monkey

monkey facts

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Monkeys are primates found in a wide variety of species throughout most of the tropical world. Despite their wide variety, most of them are threatened by human exploitation, capture and hunting. Although all monkeys share many similar traits and are closely related to humans, early evolutionary shifts created the two main groups of today: "old" world monkeys and "new" world monkeys.

Although they don't walk on two legs, monkeys are closely related to humans — only great apes, such as chimpanzees, are more closely related. Monkeys are one of the most popular animals in the world.

6 Great Monkey Facts

Close-up of a rhesus monkey with a blurred green background
Monkeys at risk: Of more than 250 species, only one monkey is listed as "least concerned" for extinction.

©Blueton/Shutterstock.com

  • Endangered monkeys: Out of more than 250 species, only one monkey is listed as a "least concern" extinct species!
  • Natural Trees: Some monkeys can race through tree branches as fast as a racehorse!
  • Loitering: Unlike their ape cousins, monkeys often have long tails – but only New World monkeys use them for lounging!
  • Pocket size: The world's smallest monkey, the pygmy marmoset, measures less than six inches long and weighs less than a deck of cards!
  • Giant: The largest monkeys in the world can reach huge sizes. For example, male mandrills have reached a size of 119 pounds!
  • While the idea of keeping pet monkeys may seem like a good idea, owning them is illegal in most states.

evolution and origin

Most studies show that monkeys evolved from proto-apes during the Oligocene. Furthermore, great apes subsequently evolved from catalinians in Africa during the Miocene epoch. Having said that, scientists have decided to divide apes into small apes and great apes.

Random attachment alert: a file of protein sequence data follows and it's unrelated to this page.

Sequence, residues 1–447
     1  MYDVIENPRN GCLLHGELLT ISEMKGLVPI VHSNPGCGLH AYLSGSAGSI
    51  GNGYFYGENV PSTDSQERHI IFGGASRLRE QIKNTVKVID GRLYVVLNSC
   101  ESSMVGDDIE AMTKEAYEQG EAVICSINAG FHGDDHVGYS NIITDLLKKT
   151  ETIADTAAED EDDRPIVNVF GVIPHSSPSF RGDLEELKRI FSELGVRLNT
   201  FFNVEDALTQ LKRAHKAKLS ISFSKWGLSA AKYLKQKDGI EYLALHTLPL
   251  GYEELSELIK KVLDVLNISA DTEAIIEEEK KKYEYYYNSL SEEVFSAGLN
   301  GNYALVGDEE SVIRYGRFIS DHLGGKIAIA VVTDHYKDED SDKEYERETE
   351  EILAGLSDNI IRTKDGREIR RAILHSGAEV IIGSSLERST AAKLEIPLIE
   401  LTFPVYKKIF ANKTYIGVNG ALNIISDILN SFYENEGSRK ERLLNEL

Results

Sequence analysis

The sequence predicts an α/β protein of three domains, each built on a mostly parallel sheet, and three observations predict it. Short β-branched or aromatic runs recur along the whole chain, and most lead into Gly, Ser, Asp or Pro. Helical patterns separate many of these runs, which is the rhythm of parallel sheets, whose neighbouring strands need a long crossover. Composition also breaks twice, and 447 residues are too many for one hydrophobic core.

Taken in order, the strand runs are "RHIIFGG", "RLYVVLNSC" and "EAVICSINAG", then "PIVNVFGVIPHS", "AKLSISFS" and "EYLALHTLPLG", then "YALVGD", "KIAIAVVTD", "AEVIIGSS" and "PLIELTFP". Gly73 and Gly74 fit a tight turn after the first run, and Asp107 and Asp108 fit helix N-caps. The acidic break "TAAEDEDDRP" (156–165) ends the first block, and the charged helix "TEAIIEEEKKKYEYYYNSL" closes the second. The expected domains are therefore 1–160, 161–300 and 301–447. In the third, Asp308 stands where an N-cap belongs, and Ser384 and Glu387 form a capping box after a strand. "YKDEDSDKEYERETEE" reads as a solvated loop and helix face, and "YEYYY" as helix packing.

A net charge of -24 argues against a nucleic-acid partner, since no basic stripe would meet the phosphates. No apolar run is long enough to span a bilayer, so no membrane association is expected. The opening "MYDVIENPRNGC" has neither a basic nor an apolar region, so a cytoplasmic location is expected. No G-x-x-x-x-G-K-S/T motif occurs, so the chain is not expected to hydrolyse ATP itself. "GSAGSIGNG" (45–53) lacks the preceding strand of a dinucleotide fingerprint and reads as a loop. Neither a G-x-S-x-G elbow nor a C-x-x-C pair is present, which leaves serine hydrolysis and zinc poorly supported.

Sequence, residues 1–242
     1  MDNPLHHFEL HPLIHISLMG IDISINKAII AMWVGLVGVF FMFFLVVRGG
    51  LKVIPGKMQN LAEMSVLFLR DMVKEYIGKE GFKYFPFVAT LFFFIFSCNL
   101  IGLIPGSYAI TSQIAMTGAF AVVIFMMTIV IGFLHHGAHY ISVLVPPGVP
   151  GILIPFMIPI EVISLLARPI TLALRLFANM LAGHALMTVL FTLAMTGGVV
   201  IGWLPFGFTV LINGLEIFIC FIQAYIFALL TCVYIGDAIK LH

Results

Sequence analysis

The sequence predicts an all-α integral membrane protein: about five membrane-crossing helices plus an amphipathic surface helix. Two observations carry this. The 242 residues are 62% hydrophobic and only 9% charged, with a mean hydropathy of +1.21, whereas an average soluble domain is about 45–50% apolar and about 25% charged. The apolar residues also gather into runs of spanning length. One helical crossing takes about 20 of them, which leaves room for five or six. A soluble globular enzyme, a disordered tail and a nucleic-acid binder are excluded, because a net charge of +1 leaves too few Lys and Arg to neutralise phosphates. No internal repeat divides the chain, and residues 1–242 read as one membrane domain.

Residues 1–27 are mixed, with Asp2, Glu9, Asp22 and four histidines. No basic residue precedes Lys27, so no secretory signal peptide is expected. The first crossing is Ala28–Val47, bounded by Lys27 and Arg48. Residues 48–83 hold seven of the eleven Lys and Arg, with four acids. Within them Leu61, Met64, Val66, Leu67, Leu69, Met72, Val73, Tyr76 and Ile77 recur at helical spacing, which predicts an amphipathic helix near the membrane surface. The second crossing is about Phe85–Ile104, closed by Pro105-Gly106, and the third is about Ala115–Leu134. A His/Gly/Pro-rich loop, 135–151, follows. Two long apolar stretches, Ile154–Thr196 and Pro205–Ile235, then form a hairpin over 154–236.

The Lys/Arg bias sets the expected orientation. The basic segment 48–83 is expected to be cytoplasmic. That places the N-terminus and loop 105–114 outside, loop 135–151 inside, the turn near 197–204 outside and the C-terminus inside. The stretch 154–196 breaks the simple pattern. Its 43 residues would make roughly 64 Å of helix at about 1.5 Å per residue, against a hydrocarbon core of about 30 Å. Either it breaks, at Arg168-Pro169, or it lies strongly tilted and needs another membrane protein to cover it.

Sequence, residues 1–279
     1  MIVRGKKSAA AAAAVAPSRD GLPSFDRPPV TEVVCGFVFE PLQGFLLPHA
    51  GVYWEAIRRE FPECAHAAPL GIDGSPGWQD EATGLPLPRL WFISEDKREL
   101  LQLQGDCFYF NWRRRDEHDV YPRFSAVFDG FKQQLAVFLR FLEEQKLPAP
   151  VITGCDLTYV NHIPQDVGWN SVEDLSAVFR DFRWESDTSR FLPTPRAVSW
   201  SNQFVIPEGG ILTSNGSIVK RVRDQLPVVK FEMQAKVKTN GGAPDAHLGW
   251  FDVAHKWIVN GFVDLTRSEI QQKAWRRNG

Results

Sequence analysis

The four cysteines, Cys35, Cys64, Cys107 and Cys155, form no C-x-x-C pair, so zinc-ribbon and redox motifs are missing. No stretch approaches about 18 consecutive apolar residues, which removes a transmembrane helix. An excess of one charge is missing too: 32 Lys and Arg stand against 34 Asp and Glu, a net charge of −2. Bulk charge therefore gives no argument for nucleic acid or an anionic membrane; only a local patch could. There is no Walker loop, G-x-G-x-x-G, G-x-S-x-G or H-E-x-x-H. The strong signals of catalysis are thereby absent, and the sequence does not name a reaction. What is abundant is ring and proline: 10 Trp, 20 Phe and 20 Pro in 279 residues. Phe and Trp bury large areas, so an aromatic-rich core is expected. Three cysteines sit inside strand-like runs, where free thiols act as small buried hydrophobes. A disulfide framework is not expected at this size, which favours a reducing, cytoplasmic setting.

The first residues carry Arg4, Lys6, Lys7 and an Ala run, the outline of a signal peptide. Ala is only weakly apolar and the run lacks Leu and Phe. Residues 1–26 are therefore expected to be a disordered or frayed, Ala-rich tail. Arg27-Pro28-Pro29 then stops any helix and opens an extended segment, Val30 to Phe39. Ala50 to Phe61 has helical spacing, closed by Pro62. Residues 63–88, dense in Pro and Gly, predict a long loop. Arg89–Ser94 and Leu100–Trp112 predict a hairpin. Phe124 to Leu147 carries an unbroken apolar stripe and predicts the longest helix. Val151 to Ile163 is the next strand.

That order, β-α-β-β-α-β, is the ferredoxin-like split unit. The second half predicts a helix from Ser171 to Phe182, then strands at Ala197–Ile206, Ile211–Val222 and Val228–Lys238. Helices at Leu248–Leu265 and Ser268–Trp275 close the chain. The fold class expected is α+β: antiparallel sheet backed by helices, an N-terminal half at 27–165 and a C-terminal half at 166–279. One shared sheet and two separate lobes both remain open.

The research also suggests that the ancestors of monkeys originated in Africa, with the first known groups of monkeys thought to have arrived in South America 40 million years ago. This happened when land masses moved closer together and made migration easier than it is today. As of today, the oldest known monkey skeleton is that of Canaanimico amazonensis . The skeleton dates back to 26.5 million years ago.



scientific name

capuchin monkey
The monkey has two scientific names: simiiformes catarrhini and simiiformes platyrrhini .

© Ondrej Prosicky/Shutterstock.com

The monkey has two scientific names: simiiformes catarrhini and simiiformes platyrrhini . The word "simian" is derived from Simiiformes, from the Latin "simia", meaning ape or monkey. Catarrhini comes from Latin for "hooked nose," which likely refers to the closer, downward-facing nostrils of these monkeys. This is in stark contrast to Platyrrhini, which comes from Latin for "broad-nosed," referring to the flatter nostrils of these monkeys.

types of monkeys

baboon

Can run more than four miles a day!

debraza's monkey

They feed on plants and fruit and act as seed dispersers, helping their environment.

mandrill

Unique colored nose and buttocks!

spider monkey

Belongs to the only primate in the world with a complete tail!

marmoset

These small, clever monkeys often give birth to fraternal twins.

appearance and behavior

monkey smiling on blurred green plants background
Monkeys vary in size, color and behavior.

© Gabi Siebenhuehner/Shutterstock.com